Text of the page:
So what happens as a consequence is that whenever you’re playing a main story mission, the game continually reiterates to you that V is dying and you need to do something. The game even does little things to try to sell this idea of V’s body failing, by having their vision blur for a moment and shouting in pain. Sometimes it happens during story dialogue, sometimes it happens while you’re just wandering around.
But when you’re actually out and about, the game doesn’t really do anything with that claim of “you’re dying.” You can spend your time shooting gang members or completing sidequests or just watching the clouds and the game won’t do anything about it. All you’ll get is that little vision blur/pain effect every now and then, but that’s it. And again, even though you have some vague of idea of how much time you might have, it’s actually not true. The amount of time you spend is irrelevant.
So this leads to a strange situation where the story missions continually raise the stakes by reminding you that you’re going to die if you don’t do something about the chip, but then the game immediately lowers the stakes by giving you a bunch of other stuff to do. You’re meant to both take V’s condition seriously and completely ignore it at the same time.
This could make some sort of sense if the side content was more fully geared towards supplementing the main story. Or if much of it was justified in terms of needing to do preparation for the big story missions by gathering resources. But generally the justifications for completing this content are gameplay-centric: to get money to buy stuff or to get equipment you might not even use or just for the sake of completing it.
Alternatively, the game could have made it work by removing the sense of urgency. V’s motivation for self-preservation works no matter what, but having a potential deadline of a few weeks or months means that the lack of urgency in the actual gameplay ruins the narrative’s premise. But by removing the relative immediacy, V can still have a motivation to drive the plot without needing to make the ludonarrative dissonance so profound.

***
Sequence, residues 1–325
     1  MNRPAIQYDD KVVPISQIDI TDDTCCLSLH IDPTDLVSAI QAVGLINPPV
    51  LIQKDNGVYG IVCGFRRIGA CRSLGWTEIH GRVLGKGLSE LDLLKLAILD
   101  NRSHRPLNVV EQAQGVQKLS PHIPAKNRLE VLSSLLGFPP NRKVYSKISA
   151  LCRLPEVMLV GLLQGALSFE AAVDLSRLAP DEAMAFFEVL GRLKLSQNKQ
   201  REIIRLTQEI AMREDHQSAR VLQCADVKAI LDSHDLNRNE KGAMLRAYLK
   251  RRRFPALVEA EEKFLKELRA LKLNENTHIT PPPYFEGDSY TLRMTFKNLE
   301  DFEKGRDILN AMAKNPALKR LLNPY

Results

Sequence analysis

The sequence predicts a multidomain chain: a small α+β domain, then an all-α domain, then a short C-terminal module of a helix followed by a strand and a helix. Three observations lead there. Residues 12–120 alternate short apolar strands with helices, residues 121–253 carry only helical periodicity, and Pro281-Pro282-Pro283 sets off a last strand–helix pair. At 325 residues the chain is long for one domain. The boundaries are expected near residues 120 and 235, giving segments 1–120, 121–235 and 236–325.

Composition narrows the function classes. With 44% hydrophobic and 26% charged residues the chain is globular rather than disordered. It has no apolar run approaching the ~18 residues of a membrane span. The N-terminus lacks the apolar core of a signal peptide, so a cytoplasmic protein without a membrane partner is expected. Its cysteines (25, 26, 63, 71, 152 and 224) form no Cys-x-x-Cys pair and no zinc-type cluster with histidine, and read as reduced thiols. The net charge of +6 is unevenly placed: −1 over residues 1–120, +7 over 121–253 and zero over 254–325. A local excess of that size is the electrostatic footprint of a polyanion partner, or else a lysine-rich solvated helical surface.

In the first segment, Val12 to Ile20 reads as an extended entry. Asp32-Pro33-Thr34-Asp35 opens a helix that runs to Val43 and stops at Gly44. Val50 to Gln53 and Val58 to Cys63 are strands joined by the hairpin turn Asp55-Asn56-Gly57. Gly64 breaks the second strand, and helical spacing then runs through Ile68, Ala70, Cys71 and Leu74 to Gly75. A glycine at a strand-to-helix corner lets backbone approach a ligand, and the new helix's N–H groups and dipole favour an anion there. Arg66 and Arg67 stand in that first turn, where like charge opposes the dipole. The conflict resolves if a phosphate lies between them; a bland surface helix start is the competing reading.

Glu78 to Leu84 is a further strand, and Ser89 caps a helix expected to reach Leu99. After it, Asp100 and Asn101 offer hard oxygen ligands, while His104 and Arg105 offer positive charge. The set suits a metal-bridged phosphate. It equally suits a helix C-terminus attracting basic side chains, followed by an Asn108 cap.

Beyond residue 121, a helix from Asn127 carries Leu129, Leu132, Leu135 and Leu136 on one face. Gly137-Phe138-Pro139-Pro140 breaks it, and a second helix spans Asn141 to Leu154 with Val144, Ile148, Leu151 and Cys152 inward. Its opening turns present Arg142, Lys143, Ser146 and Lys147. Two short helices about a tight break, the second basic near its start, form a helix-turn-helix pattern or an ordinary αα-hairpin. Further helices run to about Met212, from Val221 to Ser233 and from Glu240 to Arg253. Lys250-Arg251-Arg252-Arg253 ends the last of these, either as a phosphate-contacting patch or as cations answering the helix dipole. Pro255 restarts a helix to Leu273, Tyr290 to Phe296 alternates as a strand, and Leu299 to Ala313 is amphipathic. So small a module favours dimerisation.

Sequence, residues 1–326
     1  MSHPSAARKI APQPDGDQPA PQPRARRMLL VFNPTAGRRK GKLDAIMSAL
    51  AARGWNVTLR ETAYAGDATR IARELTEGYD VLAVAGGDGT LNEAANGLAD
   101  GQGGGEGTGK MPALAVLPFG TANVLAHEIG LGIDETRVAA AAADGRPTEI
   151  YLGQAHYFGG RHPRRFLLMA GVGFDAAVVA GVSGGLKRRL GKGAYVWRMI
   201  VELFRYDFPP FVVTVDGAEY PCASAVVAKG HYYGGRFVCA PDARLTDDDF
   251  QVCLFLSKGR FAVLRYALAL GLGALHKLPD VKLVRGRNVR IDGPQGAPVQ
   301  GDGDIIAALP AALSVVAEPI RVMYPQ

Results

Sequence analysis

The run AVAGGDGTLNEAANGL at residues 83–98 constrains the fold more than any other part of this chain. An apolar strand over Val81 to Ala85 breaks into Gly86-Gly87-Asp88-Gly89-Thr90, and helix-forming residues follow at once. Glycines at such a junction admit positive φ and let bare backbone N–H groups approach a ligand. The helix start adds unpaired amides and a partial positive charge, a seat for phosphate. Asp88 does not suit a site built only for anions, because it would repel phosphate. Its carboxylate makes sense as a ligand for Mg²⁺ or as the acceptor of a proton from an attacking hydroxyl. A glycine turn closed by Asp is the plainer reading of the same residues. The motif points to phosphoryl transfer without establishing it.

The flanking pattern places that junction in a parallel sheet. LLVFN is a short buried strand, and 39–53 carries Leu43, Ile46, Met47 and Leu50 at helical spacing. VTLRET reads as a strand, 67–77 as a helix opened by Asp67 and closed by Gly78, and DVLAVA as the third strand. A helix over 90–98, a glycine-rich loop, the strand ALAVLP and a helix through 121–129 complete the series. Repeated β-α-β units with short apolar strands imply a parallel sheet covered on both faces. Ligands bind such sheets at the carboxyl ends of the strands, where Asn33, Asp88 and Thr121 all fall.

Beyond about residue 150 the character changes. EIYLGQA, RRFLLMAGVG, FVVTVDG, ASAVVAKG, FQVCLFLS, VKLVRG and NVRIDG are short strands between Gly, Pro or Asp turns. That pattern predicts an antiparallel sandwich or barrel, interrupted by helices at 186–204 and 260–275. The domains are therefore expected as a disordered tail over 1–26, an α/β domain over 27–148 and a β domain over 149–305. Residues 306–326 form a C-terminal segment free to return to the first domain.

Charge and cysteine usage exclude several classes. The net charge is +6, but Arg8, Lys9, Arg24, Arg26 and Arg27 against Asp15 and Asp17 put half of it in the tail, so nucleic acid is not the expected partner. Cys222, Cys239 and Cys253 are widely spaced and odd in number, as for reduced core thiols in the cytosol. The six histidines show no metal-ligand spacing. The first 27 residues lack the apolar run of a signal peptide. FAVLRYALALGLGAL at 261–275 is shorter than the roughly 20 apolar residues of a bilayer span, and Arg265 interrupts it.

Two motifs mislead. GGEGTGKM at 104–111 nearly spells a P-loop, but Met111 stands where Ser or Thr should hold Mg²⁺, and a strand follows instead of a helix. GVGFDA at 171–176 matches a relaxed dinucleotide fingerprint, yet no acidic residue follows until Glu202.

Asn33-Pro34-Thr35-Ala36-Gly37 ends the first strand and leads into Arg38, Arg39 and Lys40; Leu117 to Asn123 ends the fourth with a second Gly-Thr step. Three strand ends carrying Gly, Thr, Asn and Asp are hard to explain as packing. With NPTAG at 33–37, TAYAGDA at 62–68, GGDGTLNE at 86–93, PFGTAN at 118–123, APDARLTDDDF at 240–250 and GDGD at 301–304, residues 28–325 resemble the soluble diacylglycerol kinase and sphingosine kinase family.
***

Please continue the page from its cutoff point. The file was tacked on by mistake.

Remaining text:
But we still have a secondary problem with the premise. The problem posed by the chip is that it is debilitating: it is overriding V’s personality, and while V’s brain fights with the chip they are affected by the “malfunction.” I noted how the game occasionally hits you with these brief spells to show the chip affecting you. But those spells only occur while you’re out of danger. And that makes sense: you wouldn’t want the game to rob the player of control at an important moment. But it also means that the “danger” of the chip is essentially imaginary. You don’t actually need to worry about it, because it doesn’t affect the gameplay in any way.
The problem is not unique to Cyberpunk. There are plenty of other games that run into the same problem, in their own ways. It was a common to poke fun at Japanese RPGs, for example, which would often present some sort of final boss preparing to destroy the world, only to then allow you to turn right around and complete side content. In fact, this would often be the best time to do that, because you might have the world opened up to you at this stage that you might not have at earlier points. But it’s the same problem: the game is trying to sell you a sense of importance and urgency that the game isn’t selling, or even actively encouraging you to avoid.
Rearming the Bomb
So is the idea of the ticking timebomb just intrinsically bad and to be avoided entirely? No. There are definitely ways to make it work to avoid this dissonance. But they ultimately require leaning into the premise.
So let’s explore a few different ways to incorporate the ticking timebomb into the game’s plot and systems.
One thing that we could do is make the time limit that is always implied by the premise literal. Put an actual clock up saying how much time you have left. This would mean that players would need to weigh how they spend their time. How much time do you spend on side content versus the main content? How close do you cut things to the wire? What players decide to prioritize could be interesting to see from this perspective.